Sustainable Energy Investment Trends: Insight from Private Equity

May 2022

As stakeholder priorities on environmental, social and governance (ESG) continue to crystallize at a rapid pace, investors are often allocating capital aligned with sustainable energy efforts to incorporate more environmental responsibility into their portfolios.

Lincoln International recently polled a subset of our private equity clients and investors in the sustainable energy space to understand their priorities, how they are identifying sustainable energy investment opportunities and the challenges associated with reporting and measuring impact.

Based on those insights, below is our perspective for sustainable energy investors.

Sustainable energy software and service providers hold wide appeal for investors

For investors evaluating opportunities in the sustainable energy field, there are a multitude of options to assess. The sustainable energy sector has been ripe for innovation and new technologies in recent years, giving rise to investment opportunities in everything from energy storage to battery recycling to smart grid technology.

Software providers are a highly attractive area of interest due to the growth potential they possess. Renewable energy software is a market in its early innings of development and possesses massive growth potential. At the same time, renewable software businesses offer the same benefits that make software businesses attractive: high margins, recurring revenue streams and high retention.

Recent deal activity in the renewable energy software provider market has caught the attention of software investors. As many of them have already spent time developing an investment thesis for the sector, they’re looking to leverage their knowledge and deploy capital.

In addition, in our conversations with investors, we have observed steady and significant interest in sustainable energy service providers that perform tasks like monitoring, operations and maintenance, financing and installation. Service providers can provide a steady stream of recurring revenue that can’t be found in other areas of sustainable energy.

Where investments in systems and solutions can be attractive, ongoing maintenance of those systems by service providers means stability from a long-term investment perspective. Service providers also generally offer fewer capital expenditures and cash flow expenses than manufacturers and other players.

Solar provides an entry point for many exploring sustainable energy investments

In our discussions with investors, solar technology proved to be an even more attractive opportunity than nuclear, hydro, geothermal and wind technologies.

Unlike other renewable technologies, solar has advanced beyond initial adoption and faces fewer challenges in deployment and maintenance. Wind technology in particular requires substantial space to deploy, whereas solar technology can be applied on various scales from small residential systems (distributed generation) to large-scale utility systems. From our perspective, solar has advanced beyond other renewable technologies due to the maturation of the market in the last few years.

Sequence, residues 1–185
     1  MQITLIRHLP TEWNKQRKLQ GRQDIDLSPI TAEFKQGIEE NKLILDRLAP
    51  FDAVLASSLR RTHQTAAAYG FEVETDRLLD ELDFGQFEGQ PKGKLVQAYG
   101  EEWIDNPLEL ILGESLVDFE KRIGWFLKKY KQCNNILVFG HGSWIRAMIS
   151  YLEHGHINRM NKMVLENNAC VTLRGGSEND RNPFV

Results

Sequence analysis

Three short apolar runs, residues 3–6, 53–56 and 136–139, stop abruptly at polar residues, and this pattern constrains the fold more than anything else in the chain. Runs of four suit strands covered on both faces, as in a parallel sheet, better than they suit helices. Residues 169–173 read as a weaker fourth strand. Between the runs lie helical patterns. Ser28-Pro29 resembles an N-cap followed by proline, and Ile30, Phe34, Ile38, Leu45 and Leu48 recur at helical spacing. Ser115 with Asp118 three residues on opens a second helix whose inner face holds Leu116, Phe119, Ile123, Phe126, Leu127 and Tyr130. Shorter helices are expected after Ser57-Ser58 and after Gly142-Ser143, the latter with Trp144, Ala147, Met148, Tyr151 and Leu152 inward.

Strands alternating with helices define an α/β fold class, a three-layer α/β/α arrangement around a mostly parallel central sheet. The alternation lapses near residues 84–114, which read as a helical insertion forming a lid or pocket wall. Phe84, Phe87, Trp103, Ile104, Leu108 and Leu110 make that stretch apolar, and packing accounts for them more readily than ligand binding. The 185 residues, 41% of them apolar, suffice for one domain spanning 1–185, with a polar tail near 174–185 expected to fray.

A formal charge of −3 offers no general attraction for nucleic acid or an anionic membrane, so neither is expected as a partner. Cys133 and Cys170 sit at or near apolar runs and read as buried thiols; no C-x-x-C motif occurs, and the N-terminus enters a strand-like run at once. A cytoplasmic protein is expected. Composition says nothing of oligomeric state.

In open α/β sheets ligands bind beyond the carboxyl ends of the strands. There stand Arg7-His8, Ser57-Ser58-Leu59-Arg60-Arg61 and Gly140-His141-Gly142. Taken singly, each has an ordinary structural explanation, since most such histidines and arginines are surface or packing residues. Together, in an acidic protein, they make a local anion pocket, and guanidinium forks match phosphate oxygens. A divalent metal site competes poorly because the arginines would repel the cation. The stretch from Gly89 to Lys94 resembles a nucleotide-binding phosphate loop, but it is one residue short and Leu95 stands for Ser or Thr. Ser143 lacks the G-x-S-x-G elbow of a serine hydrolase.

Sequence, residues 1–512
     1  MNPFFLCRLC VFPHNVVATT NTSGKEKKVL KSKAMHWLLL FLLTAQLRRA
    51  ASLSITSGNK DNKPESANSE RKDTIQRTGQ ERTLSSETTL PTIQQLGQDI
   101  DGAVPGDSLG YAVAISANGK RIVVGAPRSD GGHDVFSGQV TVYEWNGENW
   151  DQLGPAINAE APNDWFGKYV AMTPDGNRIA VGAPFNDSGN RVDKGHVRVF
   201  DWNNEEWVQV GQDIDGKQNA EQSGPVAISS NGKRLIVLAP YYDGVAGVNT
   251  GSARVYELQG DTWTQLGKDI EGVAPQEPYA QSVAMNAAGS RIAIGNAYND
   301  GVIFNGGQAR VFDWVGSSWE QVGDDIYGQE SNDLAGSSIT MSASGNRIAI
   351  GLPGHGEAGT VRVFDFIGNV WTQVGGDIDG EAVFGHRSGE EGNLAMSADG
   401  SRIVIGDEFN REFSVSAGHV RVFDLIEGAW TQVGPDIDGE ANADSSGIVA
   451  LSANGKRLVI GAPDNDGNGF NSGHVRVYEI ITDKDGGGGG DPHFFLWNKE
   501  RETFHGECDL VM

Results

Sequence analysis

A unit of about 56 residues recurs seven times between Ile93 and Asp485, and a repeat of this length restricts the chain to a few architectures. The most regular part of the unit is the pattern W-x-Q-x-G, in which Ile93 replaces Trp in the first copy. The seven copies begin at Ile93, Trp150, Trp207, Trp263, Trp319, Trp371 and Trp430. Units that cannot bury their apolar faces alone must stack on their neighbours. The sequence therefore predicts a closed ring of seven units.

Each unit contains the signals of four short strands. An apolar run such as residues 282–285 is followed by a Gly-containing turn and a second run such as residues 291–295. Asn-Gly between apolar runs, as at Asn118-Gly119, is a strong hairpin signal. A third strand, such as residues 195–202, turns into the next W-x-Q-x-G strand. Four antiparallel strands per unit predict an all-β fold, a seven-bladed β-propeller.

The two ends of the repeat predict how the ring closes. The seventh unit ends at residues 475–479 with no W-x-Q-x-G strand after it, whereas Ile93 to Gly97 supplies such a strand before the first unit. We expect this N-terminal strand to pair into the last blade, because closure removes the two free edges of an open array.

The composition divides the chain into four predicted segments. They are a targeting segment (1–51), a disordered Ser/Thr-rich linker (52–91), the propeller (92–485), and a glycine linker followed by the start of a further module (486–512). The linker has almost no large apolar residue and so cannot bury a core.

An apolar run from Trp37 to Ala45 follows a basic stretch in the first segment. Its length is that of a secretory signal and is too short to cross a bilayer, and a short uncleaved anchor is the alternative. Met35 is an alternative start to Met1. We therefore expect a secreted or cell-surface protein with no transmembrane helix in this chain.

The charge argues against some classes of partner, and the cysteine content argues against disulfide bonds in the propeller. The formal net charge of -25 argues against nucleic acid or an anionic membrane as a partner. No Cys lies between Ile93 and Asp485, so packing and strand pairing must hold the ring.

Solar is likely to continue to be a sustainable, long-term investment as systems are already becoming more cost effective than traditional energy generation and governments globally continue to set new standards and provide incentives for use of solar energy. As solar technology continues to develop, becoming less costly and more efficient, new white spaces will emerge — like energy storage.

High valuations and lack of quality targets are the biggest obstacles for investors in the space

When asked about the challenges of deploying capital in sustainable energy, investors consistently pointed to two obstacles: high valuations and lack of quality targets. From a dealmaking perspective, these challenges indicate that more companies in the sustainable energy space will realize their value and pursue mergers and acquisitions (M&A) to capitalize on the high prices that assets are commanding today.

While ESG is not yet truly factored into most company valuations, the poll responses lead us to forecast that a key component of future valuation processes will be the inclusion of environmental impact assessments. Notably, investors have found that the return on investment in sustainable energy is consistent with other investments in their portfolios, meaning that returns are not a hindrance to future investment in the space.

Target companies need to address lack of measurement and accountability for environmental impact

The lack of consensus around measuring companies’ environmental impact and competing reporting frameworks has made consistent accountability challenging. We expect environmental impact measurement to become a larger part of the sales process as investors aim to understand impact during due diligence. Rising concerns about green-washing may mean that outside validations from a third-party will become the norm.

Dealmakers are currently making opportunistic investments in sustainable energy, but many have yet to develop explicit key performance indicators. As a first step, Lincoln recommends that companies and investors begin to create their own definition of ESG success and accountability. Existing standards and frameworks can provide helpful criteria to leverage as companies launch their own measurement criteria internally.

Summary

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